Zombos Says: Very Good
In spite of a disheartened director, and a greatly reduced budget, the 1931 film, Dracula, remains a classic for various reasons. For one thing, it was the first speaking horror film, although music was not used except for the opening credits. For another, it had indelible performances by skillful actors.
One performance stands out above the rest, and has left its mark on subsequent impersonations of the aristocrat of the undead, and ushered in an era of monsters that continues to this day.
Perhaps it was the oddly-inflected voice, with the thick accent, that hinted of wolves baying in the moonlight and fear-inducing evils-by-night, living in dark forests; or maybe it was the slow, determined mannerisms of a person, undead for centuries, for whom the urgencies of mortal time held little meaning; or it could have been those eyes that pierced right through you from under that furrowed brow. For whatever reasons, Bela Lugosi's performance of Dracula is the image of the vampire count that has stood the test of time.
In Lugosi: Hollywood's Dracula, writer and director Gary Rhodes explores Lugosi's amazing career using rare film clips and onscreen interviews with Lugosi's son, and others that knew Lugosi. What makes this documentary stand above the rest is its use of living history — people — to talk about the man and actor, providing us with an insightful glimpse into this iconic actor's professional and personal life. Combined with previously unseen footage and stills of Lugosi's early silent work, this two-disc DVD set clearly shows the broad range of talent and indomitableness of Lugosi as Hollywood ignored him, and squandered his acting in films well beneath his abilities.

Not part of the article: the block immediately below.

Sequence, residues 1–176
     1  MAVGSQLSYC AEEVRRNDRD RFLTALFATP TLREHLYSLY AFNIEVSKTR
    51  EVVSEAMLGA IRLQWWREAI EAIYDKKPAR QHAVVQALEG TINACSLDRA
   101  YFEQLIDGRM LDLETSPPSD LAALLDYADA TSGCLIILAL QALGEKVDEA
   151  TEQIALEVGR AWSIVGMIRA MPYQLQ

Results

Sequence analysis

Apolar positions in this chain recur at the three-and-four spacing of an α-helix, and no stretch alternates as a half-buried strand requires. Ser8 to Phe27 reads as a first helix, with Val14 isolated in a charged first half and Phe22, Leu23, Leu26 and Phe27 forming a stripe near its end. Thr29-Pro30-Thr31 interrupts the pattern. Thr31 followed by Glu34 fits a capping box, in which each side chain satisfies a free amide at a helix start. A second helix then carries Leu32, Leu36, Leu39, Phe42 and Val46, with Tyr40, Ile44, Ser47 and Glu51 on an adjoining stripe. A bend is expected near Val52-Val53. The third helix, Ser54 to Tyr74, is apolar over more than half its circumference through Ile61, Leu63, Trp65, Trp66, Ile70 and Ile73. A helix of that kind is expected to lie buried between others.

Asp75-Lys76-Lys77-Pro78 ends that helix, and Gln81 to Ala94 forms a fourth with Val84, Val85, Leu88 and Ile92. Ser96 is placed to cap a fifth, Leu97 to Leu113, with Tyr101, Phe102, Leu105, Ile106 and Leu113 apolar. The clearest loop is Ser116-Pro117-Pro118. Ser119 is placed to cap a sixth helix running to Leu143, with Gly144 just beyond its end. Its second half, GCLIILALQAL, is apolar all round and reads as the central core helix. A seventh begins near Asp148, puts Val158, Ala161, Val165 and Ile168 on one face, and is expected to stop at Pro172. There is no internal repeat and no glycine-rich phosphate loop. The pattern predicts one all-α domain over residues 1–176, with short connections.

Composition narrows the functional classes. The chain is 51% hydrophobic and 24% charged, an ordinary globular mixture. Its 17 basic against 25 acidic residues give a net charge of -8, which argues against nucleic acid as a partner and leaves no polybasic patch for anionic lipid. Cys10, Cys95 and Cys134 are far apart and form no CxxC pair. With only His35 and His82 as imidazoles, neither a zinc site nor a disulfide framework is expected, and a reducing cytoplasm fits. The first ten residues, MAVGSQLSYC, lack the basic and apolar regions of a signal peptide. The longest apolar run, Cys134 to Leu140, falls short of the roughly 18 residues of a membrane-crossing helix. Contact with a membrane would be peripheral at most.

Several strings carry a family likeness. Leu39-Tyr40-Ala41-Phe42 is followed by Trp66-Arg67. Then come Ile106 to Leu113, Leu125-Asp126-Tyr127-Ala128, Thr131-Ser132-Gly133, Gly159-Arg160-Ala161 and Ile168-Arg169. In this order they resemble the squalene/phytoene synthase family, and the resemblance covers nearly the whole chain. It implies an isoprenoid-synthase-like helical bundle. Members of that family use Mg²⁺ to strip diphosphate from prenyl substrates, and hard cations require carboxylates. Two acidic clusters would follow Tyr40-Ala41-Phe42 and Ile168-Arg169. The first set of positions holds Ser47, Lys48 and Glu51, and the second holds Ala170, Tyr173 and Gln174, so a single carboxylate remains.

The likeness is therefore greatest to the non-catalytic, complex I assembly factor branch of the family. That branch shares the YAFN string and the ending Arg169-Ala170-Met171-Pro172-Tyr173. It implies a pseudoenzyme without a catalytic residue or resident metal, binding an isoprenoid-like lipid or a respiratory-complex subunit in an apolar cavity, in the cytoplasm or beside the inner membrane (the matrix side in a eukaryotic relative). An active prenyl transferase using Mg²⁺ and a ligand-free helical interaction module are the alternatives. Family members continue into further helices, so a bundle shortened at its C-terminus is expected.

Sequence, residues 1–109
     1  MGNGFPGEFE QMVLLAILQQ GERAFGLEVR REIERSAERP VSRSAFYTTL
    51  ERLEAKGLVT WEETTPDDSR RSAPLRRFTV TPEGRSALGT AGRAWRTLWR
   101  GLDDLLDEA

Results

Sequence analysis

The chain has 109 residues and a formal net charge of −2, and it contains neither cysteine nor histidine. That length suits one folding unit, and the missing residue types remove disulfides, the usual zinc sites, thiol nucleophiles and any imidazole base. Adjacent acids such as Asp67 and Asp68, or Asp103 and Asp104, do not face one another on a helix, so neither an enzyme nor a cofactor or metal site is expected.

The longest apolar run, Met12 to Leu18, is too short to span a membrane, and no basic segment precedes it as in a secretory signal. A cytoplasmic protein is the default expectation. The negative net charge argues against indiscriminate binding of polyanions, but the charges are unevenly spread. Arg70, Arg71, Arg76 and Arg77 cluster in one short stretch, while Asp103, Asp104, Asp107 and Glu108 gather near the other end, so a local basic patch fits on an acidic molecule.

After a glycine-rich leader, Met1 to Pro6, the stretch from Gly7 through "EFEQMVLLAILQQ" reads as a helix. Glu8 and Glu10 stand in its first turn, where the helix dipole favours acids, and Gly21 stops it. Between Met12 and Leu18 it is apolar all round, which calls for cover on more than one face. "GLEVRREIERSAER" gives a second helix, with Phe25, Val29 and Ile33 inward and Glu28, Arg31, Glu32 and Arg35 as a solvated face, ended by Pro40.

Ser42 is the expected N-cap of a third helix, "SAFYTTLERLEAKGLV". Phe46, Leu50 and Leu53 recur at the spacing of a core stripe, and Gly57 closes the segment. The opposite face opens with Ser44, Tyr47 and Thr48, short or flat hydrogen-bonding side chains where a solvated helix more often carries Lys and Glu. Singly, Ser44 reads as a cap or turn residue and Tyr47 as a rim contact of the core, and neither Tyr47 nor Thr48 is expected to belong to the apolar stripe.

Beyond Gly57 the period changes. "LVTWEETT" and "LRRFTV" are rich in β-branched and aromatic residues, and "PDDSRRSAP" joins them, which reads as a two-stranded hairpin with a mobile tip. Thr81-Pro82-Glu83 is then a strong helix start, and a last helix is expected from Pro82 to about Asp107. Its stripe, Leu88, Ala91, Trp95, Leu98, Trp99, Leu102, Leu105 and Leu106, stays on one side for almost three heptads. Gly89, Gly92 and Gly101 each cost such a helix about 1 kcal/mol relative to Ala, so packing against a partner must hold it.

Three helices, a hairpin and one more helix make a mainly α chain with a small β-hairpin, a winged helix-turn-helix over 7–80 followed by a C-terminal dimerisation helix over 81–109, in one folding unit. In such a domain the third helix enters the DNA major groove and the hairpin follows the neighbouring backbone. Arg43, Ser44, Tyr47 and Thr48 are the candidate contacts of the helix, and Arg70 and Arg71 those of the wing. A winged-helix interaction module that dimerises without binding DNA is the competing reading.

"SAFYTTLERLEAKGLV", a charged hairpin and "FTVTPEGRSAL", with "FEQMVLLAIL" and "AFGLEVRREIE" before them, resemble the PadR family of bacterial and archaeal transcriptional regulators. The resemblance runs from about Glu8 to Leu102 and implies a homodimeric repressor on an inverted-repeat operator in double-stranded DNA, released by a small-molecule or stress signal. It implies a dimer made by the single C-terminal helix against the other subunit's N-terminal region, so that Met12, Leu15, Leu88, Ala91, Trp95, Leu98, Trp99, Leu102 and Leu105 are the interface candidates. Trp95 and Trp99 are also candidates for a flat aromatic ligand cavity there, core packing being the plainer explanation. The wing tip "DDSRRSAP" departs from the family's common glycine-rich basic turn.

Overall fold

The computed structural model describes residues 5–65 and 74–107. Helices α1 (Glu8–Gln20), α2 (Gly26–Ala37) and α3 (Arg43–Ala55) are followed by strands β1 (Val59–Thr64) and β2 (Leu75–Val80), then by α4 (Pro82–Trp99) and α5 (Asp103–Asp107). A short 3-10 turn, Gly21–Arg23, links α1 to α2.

Clever additions to the set are some of Lugosi's Old Time Radio 'appearances,' including the creepy, The Thirsty Death from Mystery House, 1944, and an Easter Egg! The funny mockumentary of Gary Rhodes' quest to sit in Bela Lugosi's chair can be viewed by going to the last page in the DVD Notes section until "Back" is highlighted, then pressing the Up arrow on your remote (or keyboard, if watching on a PC), followed by pressing "Enter."
In the Deleted Scenes section, you will find more film footage and discussion on White Zombie (one of his creepiest performances) and Lugosi's Poverty Row films of the 1930s. From Murder Legendre in White Zombie, to Ygor in Son of Frankenstein, Lugosi's performances were always masterful and uniquely different, and created memorable characters in horror cinema.